• Raw attainment gaps
    • Conditional attainment gaps
    • Value Added gaps
    • Attainment Gaps at Lower Quantiles
    • Quantifying the gap
  • Results II
    • Non-school factors
    • Systemic schooling factors
    • Between-school factors
    • Within-school factors

www.bristol.ac.uk/Depts/CMPO

statistical factors
Statistical factors
  • Regression to the mean
    • Split pupils from each ethnic group into gender*FSM*KS2 cells
    • Designate equivalent white pupils in each sub-cell; track these over subsequent KS’s.
    • Figure 8

www.bristol.ac.uk/Depts/CMPO

non school factors
Non-school factors
  • Individual characteristics affect progress?
  • Language
    • PLASC records whether English is a pupil’s “mother tongue”, the language spoken at home.
    • Only two groups with some variation: Black Africans and Indian ethnicity students
    • Accounts for about a third of the gain for these two groups (Table 12)
    • Separate analysis of maths, english and science

www.bristol.ac.uk/Depts/CMPO

systemic schooling factors
Systemic Schooling Factors
  • Differences in assessment?
    • No: consistent assessment across KS2 – KS4.
  • Teacher expectations or bias?
    • Yes: greater divergence between mark and teacher assessment for some groups (Table 13)
  • Role of Special Educational Needs (SEN) indicator?
    • Not conditioning on SEN, same results on progress.

www.bristol.ac.uk/Depts/CMPO

between school factors
Between-school factors
  • School quality
    • the quality of the teachers, the ethos and leadership of the school, and peer groups
    • Non-random allocation of pupils to schools
    • Comparing fixed effects and OLS means comparing average variation within a school, to variation both within and across schools.
    • Look at London only

www.bristol.ac.uk/Depts/CMPO

slide44

Table 14: School fixed effects vs OLS

www.bristol.ac.uk/Depts/CMPO

within school factors
Within-school factors
  • Differences in school practices?
    • For each school and for each ethnic group, we ask whether that group has higher mean value added than white students.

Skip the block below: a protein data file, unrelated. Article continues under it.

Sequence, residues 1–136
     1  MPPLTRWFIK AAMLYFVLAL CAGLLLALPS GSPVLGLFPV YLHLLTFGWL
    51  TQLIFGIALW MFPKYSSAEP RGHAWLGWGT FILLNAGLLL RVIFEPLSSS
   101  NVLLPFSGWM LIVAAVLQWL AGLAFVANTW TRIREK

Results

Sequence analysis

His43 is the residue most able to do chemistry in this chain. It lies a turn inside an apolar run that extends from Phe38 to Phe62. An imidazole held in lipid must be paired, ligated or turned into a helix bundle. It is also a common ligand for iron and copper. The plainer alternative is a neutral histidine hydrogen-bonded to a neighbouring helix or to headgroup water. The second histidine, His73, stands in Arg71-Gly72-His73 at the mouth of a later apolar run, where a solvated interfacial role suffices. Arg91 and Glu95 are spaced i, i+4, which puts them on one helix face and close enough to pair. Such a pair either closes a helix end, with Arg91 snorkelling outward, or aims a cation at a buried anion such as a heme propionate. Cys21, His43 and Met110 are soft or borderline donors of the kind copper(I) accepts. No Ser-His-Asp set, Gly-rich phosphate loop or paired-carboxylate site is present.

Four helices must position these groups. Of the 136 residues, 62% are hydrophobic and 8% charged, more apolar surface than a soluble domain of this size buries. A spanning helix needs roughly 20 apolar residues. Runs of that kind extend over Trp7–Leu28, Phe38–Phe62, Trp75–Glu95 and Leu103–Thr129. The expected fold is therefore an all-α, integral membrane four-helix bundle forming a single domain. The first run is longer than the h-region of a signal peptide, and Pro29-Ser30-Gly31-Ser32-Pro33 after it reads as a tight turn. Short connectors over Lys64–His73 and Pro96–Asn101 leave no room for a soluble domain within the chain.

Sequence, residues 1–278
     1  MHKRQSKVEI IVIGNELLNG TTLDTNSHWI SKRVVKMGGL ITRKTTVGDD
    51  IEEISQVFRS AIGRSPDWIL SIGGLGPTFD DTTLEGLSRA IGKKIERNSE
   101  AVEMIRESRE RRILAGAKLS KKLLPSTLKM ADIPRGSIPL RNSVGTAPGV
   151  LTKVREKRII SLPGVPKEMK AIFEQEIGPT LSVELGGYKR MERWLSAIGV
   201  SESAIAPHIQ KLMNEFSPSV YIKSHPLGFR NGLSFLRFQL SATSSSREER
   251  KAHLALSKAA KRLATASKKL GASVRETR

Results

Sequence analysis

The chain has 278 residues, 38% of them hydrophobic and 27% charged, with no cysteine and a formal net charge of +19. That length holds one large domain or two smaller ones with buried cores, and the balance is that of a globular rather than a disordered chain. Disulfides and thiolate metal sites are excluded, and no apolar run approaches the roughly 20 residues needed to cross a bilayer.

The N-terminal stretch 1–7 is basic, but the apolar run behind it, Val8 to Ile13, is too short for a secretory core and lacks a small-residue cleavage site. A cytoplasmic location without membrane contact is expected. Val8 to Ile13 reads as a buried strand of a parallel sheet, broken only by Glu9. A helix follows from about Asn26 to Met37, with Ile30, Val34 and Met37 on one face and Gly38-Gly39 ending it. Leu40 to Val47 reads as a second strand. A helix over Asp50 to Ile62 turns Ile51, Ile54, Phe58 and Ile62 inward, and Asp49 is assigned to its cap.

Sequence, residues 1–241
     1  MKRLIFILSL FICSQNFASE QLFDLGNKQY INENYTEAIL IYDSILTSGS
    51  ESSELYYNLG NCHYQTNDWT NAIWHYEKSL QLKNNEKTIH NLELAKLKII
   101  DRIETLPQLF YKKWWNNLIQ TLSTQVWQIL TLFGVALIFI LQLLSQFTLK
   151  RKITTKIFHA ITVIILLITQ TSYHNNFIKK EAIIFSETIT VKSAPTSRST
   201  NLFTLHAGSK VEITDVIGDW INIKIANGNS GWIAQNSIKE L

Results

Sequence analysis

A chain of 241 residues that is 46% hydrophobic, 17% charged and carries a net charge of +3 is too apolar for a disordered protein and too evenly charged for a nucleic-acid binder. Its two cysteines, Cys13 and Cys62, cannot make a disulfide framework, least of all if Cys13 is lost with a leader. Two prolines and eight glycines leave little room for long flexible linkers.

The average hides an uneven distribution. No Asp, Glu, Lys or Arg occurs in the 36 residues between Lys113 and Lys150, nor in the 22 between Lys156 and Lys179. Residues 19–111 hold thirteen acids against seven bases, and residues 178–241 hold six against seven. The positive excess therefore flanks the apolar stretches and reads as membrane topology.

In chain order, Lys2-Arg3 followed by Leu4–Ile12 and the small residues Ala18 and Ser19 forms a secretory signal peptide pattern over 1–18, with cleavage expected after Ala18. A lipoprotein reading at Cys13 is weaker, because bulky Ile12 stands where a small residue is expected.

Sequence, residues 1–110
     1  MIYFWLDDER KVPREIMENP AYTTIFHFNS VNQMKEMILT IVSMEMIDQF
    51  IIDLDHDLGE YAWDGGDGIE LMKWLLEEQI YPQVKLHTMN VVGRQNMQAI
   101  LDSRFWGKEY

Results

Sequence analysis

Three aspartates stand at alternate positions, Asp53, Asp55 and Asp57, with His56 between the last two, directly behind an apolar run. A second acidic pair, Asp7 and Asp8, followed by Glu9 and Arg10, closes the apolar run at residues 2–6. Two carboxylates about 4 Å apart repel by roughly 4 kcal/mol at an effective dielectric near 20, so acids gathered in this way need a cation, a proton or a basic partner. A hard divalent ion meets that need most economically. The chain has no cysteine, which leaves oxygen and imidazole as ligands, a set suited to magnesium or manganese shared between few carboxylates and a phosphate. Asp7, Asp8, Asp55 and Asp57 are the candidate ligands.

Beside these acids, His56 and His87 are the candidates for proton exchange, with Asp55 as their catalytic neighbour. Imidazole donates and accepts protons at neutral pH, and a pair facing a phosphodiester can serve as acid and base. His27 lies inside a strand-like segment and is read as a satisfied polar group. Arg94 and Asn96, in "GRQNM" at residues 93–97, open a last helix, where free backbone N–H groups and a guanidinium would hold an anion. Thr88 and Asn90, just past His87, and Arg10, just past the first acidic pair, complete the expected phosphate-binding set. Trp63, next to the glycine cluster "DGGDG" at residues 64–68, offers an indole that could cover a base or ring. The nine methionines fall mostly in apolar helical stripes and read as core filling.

• Table 15 presents the percentage of schools for which that group improves relative to whites.

www.bristol.ac.uk/Depts/CMPO

slide46

Table 15: Proportion of schools/LEAs where ethnic group progress relative to White pupils is positive

www.bristol.ac.uk/Depts/CMPO

hot off the press
Hot off the press …

Black

Caribbean

Black

African

Pakistani

Indian

Conditional

score gaps

www.bristol.ac.uk/Depts/CMPO

slide48
Plan
  • Literature
  • Data
  • Modelling Framework
  • Results I
  • Results II
  • Conclusions

www.bristol.ac.uk/Depts/CMPO

conclusions
Conclusions
  • Minority ethnic groups make better average progress through secondary school than do white students.
  • These gains are substantial for some groups, only marginal for students of Black Caribbean heritage.
  • These gains are pervasive for most of the groups.
  • The gains are particularly marked in the final exams that are crucial for further progress in education or jobs.

www.bristol.ac.uk/Depts/CMPO

slide50
Findings suggest systemic factors: the importance of aspirations and values?
    • Modood (2005): “Asian trajectory … social mobility by education, self-employment and progression into the professions”
    • Winder (2004): “familiar immigrant paradigm”: “the children of immigrants, lacking financial capital of their own, devote themselves to the acquisition of knowledge”

www.bristol.ac.uk/Depts/CMPO

appendices
Appendices

www.bristol.ac.uk/Depts/CMPO

slide52

Table 11: Regressions of standardised values of cohort 2 key-stage 4 score

www.bristol.ac.uk/Depts/CMPO

slide54

Table 13: Test score vs Teacher assessment

www.bristol.ac.uk/Depts/CMPO

understanding ethnicity
Understanding ethnicity
  • Ethnicity here refers to membership of a group defined by descent; and ethnic ‘difference’ has 5 dimensions (Modood 2005):
    • Cultural distinctiveness
    • Disproportionality
    • Strategy
    • Creativity
    • Identity
  • These 5 dimensions relate to educational attainment.

www.bristol.ac.uk/Depts/CMPO